Andrew Griffiths: To ask the Secretary of State for Education how many and which schools had more than four per cent of half days missed due to unauthorised absence in the most recent year for which figures are available. [128108]

Elizabeth Truss: In the 2010/11 school year, there were 322 schools with more than 4% of half days missed due to unauthorised absence.

39 of the 322 schools were state-funded primary schools;

126 were state-funded secondary schools;

157 were special schools.

A list of these schools and their local authority area have been placed in the House Libraries.

The latest data on absence, for the school year, is published as Statistical First Release 04/2012 'Pupil Absence in Schools in England, Including Pupil Characteristics: 2010/11' at:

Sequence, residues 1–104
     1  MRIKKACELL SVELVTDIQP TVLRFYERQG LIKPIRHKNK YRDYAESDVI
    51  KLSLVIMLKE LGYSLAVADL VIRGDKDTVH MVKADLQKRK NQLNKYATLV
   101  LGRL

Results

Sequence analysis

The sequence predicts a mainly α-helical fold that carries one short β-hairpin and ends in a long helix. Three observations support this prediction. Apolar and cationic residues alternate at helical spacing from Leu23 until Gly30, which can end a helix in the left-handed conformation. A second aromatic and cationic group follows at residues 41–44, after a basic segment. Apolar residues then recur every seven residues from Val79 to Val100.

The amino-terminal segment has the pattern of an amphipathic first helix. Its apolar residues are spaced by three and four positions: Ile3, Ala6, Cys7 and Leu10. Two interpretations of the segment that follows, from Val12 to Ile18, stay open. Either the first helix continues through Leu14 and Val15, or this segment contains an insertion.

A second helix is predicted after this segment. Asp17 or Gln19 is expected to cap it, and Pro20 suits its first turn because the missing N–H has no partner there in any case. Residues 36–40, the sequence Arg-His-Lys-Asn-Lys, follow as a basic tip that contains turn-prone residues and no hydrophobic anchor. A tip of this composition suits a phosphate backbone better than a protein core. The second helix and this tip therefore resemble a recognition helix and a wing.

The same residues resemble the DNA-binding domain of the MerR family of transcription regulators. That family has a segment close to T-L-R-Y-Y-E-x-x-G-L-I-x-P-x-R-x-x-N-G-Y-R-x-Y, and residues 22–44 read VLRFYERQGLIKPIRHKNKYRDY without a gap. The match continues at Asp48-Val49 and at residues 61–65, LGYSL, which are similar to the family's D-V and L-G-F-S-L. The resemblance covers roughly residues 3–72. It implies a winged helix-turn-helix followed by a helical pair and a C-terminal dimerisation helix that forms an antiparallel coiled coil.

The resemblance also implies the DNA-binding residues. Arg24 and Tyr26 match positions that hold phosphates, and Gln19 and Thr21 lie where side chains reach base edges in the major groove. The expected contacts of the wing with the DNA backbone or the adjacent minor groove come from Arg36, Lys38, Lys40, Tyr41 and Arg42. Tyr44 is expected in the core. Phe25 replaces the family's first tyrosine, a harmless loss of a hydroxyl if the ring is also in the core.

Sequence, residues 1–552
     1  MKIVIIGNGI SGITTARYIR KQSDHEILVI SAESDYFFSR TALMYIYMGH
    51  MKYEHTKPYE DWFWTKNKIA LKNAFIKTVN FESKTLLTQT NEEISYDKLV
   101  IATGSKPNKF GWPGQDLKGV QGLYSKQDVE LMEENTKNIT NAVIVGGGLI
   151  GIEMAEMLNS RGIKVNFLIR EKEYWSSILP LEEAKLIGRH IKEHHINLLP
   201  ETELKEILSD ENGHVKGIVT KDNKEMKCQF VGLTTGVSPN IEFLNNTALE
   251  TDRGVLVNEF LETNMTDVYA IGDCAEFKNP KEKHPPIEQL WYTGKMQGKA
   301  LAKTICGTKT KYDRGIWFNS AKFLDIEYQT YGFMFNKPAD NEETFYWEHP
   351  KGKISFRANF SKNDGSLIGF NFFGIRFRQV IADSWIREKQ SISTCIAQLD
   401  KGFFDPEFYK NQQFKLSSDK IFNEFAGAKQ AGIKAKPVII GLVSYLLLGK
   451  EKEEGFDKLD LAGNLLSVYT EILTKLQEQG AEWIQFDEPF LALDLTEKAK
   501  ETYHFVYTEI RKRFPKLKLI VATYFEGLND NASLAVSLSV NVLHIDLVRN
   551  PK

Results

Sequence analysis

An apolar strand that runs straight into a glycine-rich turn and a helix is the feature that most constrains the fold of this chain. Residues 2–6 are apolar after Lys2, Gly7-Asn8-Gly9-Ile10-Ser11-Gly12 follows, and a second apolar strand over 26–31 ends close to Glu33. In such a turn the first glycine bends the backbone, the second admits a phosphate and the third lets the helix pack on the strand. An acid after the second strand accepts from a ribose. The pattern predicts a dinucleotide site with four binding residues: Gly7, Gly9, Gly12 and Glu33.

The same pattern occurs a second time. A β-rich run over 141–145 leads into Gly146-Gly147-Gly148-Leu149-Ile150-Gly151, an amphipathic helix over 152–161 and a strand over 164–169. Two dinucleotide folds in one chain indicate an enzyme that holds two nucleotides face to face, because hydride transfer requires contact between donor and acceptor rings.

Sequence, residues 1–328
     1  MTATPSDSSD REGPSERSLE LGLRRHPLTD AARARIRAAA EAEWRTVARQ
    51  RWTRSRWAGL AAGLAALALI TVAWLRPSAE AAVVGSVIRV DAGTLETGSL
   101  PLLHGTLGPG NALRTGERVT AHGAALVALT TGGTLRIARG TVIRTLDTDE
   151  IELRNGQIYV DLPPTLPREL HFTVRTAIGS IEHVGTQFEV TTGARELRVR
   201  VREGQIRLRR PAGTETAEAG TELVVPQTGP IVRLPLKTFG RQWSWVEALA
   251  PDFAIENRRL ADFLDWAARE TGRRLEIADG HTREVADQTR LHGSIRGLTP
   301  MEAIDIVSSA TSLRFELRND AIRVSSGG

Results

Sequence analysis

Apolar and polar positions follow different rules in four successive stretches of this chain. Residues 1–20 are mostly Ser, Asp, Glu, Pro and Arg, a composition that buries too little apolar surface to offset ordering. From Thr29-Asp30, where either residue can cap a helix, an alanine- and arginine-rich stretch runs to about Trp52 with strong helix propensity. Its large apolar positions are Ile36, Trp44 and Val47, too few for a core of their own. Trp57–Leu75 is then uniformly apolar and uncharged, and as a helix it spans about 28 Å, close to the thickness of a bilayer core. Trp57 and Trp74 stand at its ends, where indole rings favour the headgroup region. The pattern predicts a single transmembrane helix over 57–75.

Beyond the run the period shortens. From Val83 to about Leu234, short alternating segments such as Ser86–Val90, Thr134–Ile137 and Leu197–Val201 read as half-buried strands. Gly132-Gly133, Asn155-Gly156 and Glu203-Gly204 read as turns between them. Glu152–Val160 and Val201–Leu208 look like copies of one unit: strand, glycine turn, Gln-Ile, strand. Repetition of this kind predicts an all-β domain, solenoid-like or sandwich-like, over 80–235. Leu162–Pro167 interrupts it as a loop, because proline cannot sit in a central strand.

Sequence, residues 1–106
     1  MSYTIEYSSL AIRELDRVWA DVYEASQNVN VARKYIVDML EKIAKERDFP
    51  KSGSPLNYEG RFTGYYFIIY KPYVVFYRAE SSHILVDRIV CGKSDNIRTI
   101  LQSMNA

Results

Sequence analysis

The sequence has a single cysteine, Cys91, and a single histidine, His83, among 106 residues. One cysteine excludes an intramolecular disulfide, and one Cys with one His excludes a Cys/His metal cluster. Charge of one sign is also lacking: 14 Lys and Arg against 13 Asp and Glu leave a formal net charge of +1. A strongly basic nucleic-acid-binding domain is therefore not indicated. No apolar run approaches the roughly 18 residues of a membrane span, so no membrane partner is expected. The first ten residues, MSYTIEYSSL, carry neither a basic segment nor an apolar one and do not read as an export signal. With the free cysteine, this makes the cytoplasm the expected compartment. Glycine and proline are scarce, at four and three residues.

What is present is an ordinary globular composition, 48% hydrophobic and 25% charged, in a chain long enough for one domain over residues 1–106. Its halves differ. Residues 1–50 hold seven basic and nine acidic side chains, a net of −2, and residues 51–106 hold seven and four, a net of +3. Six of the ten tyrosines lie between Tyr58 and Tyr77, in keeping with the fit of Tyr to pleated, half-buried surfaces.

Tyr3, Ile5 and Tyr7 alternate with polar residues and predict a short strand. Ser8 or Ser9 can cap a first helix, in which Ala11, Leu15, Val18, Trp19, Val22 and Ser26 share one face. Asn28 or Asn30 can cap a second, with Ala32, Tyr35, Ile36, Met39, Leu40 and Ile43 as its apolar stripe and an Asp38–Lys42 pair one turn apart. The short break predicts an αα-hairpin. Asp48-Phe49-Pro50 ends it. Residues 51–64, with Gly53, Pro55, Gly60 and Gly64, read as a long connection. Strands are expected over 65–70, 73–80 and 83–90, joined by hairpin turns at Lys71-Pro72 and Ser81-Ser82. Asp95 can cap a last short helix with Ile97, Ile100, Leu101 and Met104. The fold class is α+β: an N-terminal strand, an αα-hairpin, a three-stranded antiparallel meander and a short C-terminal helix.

http://www.education.gov.uk/rsgateway/DB/SFR/s001060/index.shtml

This includes school level information.

Information for the first two terms of 2011/12 is published as Statistical First Release 22/2012 'Pupil Absence in schools in England: Autumn Term 2011 and Spring Term 2012' at:

http://www.education.gov.uk/rsgateway/DB/SFR/s001090/index.shtml

This includes school level information but does not cover special schools.

Universal Credit

Mr McCann: To ask the Secretary of State for Education how the qualifying conditions for each passported benefit for which he is responsible will change under universal credit. [128330]

Mr Laws: We are working with the Department for Work and Pensions to develop new eligibility criteria following the introduction of universal credit for those passported benefits, for which the Department for Education is responsible. Our aim is to ensure that education benefits continue to be available to the families who need them most.

The development of eligibility criteria for passported education benefits in Scotland, including free school meals, is the responsibility of the Scottish Government.